These guys will be utility players Nick it cannot be helped because coaches cannot help themselves. Rassie looks at players like these and sees the ability to cover multiple positions without losing much. It allows the 6-2 or 7-1. He wont change his coaching style or strategy for one player. At provincial level players like these are indispensable. If there is an injury to your starting 12 but your back up 12 is a bit iffy then a coach is going to go with the back up 10 who is gold and who can play a good 12. Damian Willemse for the Springboks is an obvious case, for the Stormers its the same. Dobson plays him at 12 or 15, with Gelant in the team he plays 12 but if Gelant goes down he doesnt go for his back up 15, he just puts Willemse there. With Frawley its the same at international and provincial level. He just slots in wherever. Frans Steyn made a career out of it. He was much maligned though as a youngster as he never fully developed into any role. He then went to Japan and France to decide for himself what kind of player he was, put on muscle and retained his big boot, ran over players and booted the ball long and came back into the Springboks after about 3 years away and was then certain about how he wanted to play the game no matter what position. Coaches cannot help themselves because they only want what is best for their teams and that means putting your most talented players on even if it means you cause them some discomfort. Sometimes players need to decide how they want to play the game and then adapt that to every position and let the coach decide how they want to use them.

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Jon 9 hours ago
Ireland and South Africa share the same player development dilemma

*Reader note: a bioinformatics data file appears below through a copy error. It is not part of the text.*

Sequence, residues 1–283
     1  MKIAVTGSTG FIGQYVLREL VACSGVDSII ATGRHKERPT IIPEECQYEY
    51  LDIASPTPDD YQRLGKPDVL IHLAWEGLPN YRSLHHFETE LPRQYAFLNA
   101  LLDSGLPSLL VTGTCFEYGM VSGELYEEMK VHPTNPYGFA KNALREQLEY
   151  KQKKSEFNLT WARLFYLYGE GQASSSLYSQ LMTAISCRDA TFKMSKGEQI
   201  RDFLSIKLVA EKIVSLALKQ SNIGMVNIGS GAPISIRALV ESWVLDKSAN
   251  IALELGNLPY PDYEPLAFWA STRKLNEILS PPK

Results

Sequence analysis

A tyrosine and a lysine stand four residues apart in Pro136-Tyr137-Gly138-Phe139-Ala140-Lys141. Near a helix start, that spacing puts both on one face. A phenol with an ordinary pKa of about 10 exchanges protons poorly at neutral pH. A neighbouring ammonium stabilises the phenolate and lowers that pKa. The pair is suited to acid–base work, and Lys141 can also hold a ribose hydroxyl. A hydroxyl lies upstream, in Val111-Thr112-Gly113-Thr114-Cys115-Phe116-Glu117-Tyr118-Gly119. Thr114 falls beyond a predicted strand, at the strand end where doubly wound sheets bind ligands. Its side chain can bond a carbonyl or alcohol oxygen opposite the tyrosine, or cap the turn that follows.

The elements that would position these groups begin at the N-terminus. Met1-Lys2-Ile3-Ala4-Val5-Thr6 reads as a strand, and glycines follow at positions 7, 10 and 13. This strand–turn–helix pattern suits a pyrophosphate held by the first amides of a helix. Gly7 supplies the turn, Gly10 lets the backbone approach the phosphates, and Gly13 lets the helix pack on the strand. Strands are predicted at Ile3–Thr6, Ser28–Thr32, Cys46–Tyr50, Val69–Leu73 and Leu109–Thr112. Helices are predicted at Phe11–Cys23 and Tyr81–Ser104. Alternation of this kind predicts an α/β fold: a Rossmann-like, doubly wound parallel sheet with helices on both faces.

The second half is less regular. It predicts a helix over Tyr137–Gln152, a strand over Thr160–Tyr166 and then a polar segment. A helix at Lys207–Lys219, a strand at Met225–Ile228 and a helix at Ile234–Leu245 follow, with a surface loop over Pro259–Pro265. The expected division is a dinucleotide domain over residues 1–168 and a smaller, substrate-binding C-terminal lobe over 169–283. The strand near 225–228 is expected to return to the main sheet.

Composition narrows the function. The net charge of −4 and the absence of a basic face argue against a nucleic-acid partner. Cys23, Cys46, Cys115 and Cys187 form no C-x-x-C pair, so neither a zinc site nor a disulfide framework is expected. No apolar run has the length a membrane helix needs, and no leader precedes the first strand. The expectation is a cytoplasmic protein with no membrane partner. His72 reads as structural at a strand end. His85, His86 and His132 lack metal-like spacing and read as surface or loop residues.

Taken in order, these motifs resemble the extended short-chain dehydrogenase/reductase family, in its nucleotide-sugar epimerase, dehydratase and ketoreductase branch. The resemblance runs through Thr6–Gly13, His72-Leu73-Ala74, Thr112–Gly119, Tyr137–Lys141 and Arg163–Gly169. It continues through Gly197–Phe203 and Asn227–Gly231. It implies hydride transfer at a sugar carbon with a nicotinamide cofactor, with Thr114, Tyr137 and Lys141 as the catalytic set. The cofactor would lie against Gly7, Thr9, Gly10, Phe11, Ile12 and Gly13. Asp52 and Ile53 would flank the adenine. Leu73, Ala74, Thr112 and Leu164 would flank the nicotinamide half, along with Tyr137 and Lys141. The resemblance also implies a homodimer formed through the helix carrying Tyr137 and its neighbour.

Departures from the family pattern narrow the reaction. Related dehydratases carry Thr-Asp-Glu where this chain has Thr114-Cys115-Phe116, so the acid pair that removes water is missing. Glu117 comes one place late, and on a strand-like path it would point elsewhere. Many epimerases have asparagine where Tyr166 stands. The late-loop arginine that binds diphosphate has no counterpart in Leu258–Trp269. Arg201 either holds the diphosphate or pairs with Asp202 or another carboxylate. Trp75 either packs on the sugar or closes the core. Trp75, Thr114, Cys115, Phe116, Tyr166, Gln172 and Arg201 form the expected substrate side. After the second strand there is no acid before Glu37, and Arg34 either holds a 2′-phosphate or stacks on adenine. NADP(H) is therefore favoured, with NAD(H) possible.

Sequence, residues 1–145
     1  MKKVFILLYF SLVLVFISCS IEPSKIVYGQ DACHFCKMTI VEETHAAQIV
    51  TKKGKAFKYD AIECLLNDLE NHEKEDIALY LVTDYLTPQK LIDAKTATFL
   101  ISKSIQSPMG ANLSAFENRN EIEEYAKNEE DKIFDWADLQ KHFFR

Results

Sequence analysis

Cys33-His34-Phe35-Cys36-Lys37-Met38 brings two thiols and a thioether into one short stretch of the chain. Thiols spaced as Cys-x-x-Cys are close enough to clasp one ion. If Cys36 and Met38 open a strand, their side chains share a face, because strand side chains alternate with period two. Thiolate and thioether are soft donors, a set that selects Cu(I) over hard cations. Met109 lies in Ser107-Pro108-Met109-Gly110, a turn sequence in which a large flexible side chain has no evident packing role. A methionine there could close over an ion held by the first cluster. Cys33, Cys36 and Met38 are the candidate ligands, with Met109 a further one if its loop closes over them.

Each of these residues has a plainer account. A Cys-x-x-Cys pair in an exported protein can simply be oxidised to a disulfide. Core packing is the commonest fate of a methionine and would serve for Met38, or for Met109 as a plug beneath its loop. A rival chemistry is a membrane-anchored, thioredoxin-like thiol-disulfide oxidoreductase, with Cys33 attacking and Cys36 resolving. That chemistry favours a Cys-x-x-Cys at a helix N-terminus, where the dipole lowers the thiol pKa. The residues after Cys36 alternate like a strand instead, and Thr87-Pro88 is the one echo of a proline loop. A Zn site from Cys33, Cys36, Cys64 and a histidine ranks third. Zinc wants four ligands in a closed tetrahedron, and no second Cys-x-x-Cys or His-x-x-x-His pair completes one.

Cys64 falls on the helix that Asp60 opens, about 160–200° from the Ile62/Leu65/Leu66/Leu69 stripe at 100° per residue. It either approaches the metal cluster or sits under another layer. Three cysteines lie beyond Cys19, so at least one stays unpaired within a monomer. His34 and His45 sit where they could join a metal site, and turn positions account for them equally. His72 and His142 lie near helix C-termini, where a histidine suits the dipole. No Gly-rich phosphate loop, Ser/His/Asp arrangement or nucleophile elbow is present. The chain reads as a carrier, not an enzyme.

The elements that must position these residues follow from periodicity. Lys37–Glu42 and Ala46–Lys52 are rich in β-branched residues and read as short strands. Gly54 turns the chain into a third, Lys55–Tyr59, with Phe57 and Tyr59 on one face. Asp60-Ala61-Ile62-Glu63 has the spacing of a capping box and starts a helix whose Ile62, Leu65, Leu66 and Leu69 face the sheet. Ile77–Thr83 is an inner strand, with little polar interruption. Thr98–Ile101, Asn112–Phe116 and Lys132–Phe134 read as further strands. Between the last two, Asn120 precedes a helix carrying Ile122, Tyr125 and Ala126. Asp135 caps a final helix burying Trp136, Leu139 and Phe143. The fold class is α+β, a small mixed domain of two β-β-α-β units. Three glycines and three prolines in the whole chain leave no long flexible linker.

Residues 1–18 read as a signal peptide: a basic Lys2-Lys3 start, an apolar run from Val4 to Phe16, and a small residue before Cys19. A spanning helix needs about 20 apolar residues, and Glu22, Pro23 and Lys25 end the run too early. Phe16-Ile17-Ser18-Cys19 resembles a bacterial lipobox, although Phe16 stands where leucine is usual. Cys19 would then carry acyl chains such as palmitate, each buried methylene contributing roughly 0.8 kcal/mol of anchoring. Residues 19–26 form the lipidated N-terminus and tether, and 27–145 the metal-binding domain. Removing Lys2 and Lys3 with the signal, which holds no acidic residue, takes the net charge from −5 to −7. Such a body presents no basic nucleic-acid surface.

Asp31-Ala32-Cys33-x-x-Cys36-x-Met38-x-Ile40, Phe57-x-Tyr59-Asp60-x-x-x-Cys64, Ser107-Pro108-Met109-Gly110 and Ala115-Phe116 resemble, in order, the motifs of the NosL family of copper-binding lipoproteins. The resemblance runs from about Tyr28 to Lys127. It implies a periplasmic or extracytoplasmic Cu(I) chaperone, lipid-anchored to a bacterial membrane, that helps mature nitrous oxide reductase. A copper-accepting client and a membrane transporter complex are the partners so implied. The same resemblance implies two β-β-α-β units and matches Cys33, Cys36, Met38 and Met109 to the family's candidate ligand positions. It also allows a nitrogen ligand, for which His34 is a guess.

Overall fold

I think the main problem here is the structure of both countries make up. They are going to have very similar.. obstacles(not problems). It will just be part of the evolution of their rugby and they’ll need to find a way to make this versatility more advantageous than specialization. I think South Africa are well on the way to that end already, but Ireland are more likely to have a hierarchical approach and move players around the provinces. Ioane is going to be more than good enough to lock up one of those available positions for more than a few years I believe though. Morgan would definitely be a more long term outlook. Sacha to me has the natural footwork of a second five. Not everything is about winning, if a team has 3 players that want to play 10s just give them all a good go even if its to the detriment of everyone, this is also about dreams of the players, not just the fans. This is exactly how it would be in an amateur club setting. Ultimately some players just aren’t suited to any one position. The example was of a guy that had size and speed, enough pace to burn, power to drive, and speed to kick and pass long, but just not much else when it came to actual rugby (that matched it). New Zealand has it’s own example with Jordie Barrett and probably shows what Reece Hodge could have been if the game in Australia had any administration. Despite the bigger abundance of talent in NZ, Jordie was provided with consistent time as a fullback, before being ushered in as a second five. Possibly this was due to his blood, and another might not have been as fortunate, but it is what it was, a complete contrast to how Hodge was used in Australia, were he could have had any position he wanted. When it comes down to it though, much like these young fellas, it will be about what they want, and I think you’ll find they’ll be like Hodge and just want to be as valuable to the team as they can and play wherever. It’s not like 63 International Cap is a hard thing to live with as a result of that decision!